Magic: The Gathering is a really good game but for the longest time it’s online client was just terrible. I thought it was just that the game itself was not designed to be digital and there was no way to make it work that wouldn’t be clunky and slow, but they proved me wrong (mostly) with Arena. I played it a lot but man I hate the monetization. Just gimme all the cards for $60 and let me deckbuild, I ain’t paying hundreds of dollars for a full set just so I can do it again every few months when a new expansion launches. I don’t know why card games get a pass when they’re 10x worse than any loot box games that have come out recently.

For gameplay reasons, if you can’t afford to spend wildcards on more than one or two decks you are not incentivized to experiment with deckbuilding. You just go and look up the best deck to make and make that, and the ladder ends up full of copy paste net decks. This isn’t just because people want to win and aren’t good at deckbuilding, but the economy of the game *reinforces* it.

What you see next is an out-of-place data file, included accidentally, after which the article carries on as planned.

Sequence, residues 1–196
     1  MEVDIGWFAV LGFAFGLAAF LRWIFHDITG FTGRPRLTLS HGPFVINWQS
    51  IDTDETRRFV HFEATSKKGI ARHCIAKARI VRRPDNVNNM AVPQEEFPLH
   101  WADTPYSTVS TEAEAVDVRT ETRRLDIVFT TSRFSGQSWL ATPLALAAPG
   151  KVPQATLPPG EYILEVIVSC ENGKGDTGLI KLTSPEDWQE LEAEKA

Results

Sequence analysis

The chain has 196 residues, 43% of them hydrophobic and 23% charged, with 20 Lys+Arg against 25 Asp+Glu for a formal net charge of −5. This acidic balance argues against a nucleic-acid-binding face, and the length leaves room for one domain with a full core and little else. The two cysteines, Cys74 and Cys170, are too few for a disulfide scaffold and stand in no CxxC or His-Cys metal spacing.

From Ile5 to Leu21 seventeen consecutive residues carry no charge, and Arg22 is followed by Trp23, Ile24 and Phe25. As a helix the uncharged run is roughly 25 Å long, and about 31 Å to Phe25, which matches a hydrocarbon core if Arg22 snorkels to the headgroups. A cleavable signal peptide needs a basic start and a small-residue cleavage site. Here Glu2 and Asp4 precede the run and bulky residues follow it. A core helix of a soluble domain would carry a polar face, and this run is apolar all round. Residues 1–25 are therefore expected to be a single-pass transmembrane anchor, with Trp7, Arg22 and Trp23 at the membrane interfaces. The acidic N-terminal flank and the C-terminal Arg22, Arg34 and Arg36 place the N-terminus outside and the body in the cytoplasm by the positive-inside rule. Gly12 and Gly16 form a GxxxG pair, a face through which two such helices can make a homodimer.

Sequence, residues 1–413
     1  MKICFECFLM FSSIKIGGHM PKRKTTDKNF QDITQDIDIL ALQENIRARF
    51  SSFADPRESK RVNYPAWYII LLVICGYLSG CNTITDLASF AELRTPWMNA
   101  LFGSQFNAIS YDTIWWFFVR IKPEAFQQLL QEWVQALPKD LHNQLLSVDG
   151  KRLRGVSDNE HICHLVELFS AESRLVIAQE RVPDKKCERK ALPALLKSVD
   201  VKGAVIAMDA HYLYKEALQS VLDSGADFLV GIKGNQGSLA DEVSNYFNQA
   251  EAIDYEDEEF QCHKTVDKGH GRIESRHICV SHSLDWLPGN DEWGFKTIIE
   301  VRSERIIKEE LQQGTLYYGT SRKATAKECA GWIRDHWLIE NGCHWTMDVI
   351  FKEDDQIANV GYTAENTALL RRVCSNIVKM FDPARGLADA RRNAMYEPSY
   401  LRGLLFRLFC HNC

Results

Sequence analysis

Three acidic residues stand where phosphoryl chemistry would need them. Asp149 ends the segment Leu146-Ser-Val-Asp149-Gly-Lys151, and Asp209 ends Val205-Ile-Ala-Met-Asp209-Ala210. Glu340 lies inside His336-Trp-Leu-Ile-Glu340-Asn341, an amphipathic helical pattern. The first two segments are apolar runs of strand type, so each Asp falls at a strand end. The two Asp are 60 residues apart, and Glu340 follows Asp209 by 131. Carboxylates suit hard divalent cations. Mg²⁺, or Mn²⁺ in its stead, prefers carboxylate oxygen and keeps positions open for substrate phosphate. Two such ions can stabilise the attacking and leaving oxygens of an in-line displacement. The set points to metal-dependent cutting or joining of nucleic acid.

I actually didn’t get that far into RDR2 before deciding the game wasn’t for me. I got past the snowy part and just into the part where it starts to open up. I could tell it didn’t really learn any lessons from Breath of the Wild for how to structure an open world game, and it’s design felt very dated as a result. There’s just not that much stuff to do, everything is slow and clunky, and every mission being “go to the yellow dot”+”follow the instructions on the screen exactly” just doesn’t work for me any more. I killed a legendary bear… with a quicktime event. It’s pretty though.